Accordingly, our study was aimed to further assess the reliability of TE in evaluating liver fibrosis as well as its limitations and, in particular, the impact of liver necro-inflammatory activity and steatosis on the diagnostic performance of TE in a large series of chronic hepatitis C patients who underwent a liver biopsy.

Patients and Methods

Treatment naïve Italian consecutive patients admitted to our clinic from 2008 to 2012 for chronic hepatitis C diagnostic work-up and underwent to liver biopsy were enrolled. The inclusion criteria were: presence of HCV RNA in serum, increased ALT levels, and no previous antiviral treatment. Moreover, a patient was enrolled if liver biopsy specimen was at least 20 mm length and there were at least 11 portal spaces evaluable. Patients with decompensate cirrhosis, those who refused or had contraindication for liver biopsy, other associated causes of liver diseases, such as HBV and/or HIV positive, alcohol use ≥30g/die, autoimmune, genetic, and drug abusers were excluded.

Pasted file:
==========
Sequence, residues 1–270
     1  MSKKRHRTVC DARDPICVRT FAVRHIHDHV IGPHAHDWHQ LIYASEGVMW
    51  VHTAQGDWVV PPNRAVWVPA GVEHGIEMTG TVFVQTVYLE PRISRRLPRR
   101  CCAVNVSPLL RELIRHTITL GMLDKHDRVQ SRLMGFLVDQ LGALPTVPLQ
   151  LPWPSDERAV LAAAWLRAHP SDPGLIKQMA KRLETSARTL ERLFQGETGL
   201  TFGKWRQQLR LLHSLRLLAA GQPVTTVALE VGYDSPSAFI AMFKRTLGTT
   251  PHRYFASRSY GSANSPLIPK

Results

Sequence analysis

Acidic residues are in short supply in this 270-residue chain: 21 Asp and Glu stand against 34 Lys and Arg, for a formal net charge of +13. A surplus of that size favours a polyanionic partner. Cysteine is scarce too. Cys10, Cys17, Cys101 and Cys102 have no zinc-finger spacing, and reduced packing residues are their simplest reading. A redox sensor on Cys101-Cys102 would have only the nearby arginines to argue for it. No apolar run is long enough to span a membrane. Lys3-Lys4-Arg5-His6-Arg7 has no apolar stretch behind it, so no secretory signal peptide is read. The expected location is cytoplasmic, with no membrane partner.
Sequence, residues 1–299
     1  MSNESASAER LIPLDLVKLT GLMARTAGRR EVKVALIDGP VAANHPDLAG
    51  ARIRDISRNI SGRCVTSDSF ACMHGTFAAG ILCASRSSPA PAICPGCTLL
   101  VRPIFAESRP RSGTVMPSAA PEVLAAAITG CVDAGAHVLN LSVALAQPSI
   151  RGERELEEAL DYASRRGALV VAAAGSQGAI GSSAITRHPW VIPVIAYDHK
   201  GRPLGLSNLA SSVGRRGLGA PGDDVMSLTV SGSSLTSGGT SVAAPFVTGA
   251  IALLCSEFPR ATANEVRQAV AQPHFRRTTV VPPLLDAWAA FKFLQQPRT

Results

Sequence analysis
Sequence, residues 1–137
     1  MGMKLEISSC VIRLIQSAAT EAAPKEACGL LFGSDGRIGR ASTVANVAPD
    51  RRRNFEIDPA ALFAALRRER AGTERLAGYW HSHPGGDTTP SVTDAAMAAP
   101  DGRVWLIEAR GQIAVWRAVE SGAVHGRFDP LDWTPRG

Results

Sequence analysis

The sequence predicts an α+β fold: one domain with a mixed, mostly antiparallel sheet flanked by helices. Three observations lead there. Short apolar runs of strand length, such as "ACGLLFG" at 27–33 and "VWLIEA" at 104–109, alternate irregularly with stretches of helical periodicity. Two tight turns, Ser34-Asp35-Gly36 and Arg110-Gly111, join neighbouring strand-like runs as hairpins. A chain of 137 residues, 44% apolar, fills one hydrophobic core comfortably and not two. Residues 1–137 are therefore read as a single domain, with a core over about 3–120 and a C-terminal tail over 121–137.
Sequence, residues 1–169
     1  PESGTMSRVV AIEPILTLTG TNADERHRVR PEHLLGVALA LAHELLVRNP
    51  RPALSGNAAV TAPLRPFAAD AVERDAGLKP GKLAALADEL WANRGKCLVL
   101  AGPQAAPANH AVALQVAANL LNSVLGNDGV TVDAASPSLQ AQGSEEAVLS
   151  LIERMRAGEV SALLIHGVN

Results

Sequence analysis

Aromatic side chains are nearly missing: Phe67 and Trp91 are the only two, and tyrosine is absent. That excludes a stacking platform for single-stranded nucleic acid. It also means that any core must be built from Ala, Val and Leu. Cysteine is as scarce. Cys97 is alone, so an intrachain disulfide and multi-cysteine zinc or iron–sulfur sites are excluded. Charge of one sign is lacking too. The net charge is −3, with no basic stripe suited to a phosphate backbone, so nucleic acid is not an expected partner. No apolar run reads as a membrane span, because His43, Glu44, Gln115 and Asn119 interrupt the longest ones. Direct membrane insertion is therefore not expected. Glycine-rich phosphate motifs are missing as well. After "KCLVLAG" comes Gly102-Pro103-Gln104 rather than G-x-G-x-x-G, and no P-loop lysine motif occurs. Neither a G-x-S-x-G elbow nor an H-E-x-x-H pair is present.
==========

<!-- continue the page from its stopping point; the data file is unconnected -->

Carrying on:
Serum HCV-RNA positivity was evaluated by PCR HCV (Amplicor, Roche Diagnostics); viral load was evaluated by real time PCR (Monitor HCV-Amplicor; Roche Diagnostics).

At the time of liver biopsy, enrolled patients underwent to routinely blood tests for a complete liver, haematological and renal function; transientelastography was done during a period of 0-2 days prior the liver biopsy.

Local ethics committees approved the study and all patients provided consent prior to be enrolled in the study.

Histological assessment